the spacer substrate 120 as shown in Figure 30, and the composite may be divided into elongated portions 130 as shown in Figure 31. As shown in Figure 32 each portion 130 may be divided into

individual sealed micro etalons, each of which is generally cylindrically shaped as shown in the top

view of Figure 33 and the side view of Figure 34.

Figures 35 and 36 show another embodiment of an optical assembly 130 in accordance with

the invention. The optical assembly 130 may be used as a laser end facet wavelocker and includes a

collimating lens 132, a beam splitter 134 and an etalon cavity formed between etalon surfaces 136

and 138. Each of the length, width and height dimensions of the optical assembly may be less than

about 1 cm, and preferably may be less than lA cm, with the etalon cavity length determined by the etalon free spectral range (FSR) as discussed above.

The optical assembly 130 may be formed in accordance with the method discussed above with reference to Figures 1 - 19 except that the beam splitter optical element includes one instead of

two beam splitters in each of the elongated portions 34. The assembly 130 is formed by combining

optical elements into a composite optical structure that is then diced up to create a plurality of

optical assemblies. As shown in Figure 36, the optical assembly 130 also includes a pah of

detectors 140 and 142 for capturing signals that emanate from each of the two directions from the

beam splitter 134 as shown.

During use a back reflected signal from, for example a semiconductor laser, is collimated by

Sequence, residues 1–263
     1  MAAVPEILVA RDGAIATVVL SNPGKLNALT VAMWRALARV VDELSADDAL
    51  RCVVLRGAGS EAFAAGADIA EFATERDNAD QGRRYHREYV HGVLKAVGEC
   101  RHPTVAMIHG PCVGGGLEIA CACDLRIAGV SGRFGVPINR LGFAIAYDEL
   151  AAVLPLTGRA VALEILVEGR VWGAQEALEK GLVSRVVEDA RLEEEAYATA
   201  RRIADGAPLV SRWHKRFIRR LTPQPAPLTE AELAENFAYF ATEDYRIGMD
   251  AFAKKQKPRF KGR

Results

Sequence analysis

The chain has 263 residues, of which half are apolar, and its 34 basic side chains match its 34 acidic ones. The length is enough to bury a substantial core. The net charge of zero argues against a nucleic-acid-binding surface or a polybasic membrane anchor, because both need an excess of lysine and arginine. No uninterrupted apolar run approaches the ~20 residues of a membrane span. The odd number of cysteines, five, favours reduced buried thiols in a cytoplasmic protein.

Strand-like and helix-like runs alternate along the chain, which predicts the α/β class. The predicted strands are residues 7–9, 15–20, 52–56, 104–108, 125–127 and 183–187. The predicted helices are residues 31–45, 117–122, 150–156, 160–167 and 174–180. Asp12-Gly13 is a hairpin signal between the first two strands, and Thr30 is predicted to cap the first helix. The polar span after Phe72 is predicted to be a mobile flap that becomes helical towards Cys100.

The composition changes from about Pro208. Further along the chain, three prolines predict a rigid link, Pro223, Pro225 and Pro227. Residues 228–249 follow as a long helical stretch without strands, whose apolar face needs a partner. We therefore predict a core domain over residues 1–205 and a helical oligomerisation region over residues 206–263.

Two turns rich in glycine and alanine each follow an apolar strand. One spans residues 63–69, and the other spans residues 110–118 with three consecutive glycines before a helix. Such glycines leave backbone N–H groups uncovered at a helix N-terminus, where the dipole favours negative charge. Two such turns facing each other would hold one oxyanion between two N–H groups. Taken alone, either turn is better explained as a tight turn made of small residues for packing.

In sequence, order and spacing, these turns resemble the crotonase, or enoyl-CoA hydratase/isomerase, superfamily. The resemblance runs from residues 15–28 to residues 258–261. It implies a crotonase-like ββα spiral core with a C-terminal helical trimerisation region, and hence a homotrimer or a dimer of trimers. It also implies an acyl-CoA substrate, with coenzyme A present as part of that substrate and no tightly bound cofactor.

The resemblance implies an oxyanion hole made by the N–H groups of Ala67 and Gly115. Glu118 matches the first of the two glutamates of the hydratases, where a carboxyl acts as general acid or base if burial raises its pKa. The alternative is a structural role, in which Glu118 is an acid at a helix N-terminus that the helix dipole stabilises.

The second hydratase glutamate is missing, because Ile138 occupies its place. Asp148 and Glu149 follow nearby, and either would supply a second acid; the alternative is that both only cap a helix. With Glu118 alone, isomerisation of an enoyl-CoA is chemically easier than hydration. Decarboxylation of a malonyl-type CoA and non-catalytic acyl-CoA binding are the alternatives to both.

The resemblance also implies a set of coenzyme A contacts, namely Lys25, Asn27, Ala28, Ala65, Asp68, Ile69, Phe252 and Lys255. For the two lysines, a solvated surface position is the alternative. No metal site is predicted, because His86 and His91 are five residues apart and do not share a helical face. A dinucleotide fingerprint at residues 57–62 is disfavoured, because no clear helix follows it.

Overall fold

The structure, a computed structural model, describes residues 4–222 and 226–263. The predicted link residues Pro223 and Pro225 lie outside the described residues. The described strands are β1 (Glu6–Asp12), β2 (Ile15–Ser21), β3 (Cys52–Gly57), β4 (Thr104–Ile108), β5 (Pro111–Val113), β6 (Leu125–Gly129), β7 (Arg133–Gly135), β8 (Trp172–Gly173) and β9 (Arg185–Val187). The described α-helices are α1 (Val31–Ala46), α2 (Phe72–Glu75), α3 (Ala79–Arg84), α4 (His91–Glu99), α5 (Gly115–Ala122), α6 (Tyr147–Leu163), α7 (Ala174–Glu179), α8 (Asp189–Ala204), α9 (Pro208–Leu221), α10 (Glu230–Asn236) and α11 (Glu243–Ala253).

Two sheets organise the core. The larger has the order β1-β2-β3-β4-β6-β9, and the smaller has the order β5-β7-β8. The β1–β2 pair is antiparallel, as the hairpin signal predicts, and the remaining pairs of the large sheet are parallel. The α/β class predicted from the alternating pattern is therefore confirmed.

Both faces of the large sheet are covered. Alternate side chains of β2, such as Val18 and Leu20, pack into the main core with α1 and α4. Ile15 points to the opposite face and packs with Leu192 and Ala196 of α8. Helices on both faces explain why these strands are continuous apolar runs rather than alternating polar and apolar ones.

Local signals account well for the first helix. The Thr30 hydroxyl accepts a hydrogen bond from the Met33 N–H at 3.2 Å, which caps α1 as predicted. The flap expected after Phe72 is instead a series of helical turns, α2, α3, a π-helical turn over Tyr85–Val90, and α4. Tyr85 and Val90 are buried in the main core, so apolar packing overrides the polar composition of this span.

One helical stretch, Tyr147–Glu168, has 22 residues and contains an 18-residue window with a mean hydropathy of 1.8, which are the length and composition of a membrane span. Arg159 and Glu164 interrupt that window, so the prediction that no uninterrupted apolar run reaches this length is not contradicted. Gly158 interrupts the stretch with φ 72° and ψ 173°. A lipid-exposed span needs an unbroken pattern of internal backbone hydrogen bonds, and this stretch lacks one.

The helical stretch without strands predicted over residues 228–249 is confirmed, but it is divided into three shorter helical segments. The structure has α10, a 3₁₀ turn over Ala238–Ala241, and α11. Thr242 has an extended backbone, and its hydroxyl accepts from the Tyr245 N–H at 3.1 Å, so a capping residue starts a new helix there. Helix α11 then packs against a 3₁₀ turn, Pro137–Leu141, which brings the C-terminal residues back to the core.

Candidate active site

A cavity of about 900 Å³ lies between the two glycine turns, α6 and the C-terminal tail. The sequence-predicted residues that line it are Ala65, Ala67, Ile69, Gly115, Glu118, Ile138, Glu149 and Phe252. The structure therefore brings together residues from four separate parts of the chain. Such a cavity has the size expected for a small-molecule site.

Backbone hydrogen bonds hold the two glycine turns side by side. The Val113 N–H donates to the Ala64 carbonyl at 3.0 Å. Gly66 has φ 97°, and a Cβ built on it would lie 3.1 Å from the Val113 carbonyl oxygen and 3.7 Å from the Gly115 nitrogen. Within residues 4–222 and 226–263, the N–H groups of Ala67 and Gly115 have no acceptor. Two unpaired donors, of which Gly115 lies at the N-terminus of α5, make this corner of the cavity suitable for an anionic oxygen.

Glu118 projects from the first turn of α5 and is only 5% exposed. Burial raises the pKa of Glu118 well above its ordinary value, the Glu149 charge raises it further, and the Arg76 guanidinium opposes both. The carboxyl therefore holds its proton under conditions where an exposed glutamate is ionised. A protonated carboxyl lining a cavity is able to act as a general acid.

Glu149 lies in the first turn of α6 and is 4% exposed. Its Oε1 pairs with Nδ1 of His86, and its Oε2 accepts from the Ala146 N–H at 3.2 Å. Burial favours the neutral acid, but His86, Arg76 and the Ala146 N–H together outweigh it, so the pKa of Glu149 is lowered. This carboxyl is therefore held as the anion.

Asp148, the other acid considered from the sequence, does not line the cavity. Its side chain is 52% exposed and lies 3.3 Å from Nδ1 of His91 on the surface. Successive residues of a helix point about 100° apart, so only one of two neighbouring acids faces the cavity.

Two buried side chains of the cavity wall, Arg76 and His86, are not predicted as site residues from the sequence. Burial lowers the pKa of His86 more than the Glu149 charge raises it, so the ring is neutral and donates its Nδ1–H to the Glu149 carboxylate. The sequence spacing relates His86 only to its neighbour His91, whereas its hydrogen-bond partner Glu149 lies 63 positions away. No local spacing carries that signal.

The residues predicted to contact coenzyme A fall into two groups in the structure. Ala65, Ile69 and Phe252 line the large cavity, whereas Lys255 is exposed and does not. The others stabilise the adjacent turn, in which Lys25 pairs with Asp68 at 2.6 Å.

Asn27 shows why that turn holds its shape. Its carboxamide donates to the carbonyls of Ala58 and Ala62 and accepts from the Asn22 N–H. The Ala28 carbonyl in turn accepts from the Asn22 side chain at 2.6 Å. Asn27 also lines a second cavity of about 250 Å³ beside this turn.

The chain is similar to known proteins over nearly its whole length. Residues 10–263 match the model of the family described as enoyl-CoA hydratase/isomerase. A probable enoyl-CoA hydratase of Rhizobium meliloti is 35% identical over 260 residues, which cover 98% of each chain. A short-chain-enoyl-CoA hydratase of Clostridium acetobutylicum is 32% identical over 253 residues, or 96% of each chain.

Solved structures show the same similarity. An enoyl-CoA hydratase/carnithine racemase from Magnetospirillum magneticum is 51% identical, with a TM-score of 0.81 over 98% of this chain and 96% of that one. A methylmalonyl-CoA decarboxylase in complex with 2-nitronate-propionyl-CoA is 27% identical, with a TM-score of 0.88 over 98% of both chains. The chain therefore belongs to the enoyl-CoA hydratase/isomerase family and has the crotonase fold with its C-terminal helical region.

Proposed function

the lens 132 and split by the beam splitter 134 into a first beam (e.g., 70%) that travels through the

etalon formed by surfaces 136 and 138 to the first detector 140, and a second beam (e.g., 30%) that

travels through the beam splitter 134 to the second detector 142. The circuit of the assembly 130 does not include a wavelength selective filter.

Figure 37 shows a side view of an optical assembly 150 including a coUimating lends 152, a

beam splitter 154, etalon surfaces 156 and 158, and detectors 160 and 162. The assembly 150 is

similar to the assembly 130 shown in Figure 36 except that the extended surfaces that form the etalon surfaces 156 and 158 are slightly non-normal to the direction of the signal beam from the

beam splitter 154. This prevents back reflection into the laser from the etalon surfaces 156 and 158.

The surfaces 156 and 158 are parallel with respect to one another and may be formed by using

wedge blocks as discussed above with reference to Figure 23. The optical elements and lens and

detectors may be combined using optical contacting as discussed above and/or a wide variety of adhesive or other conventional bonding methods.

The substrates that form the end plates and spacers of the etalon may be formed of a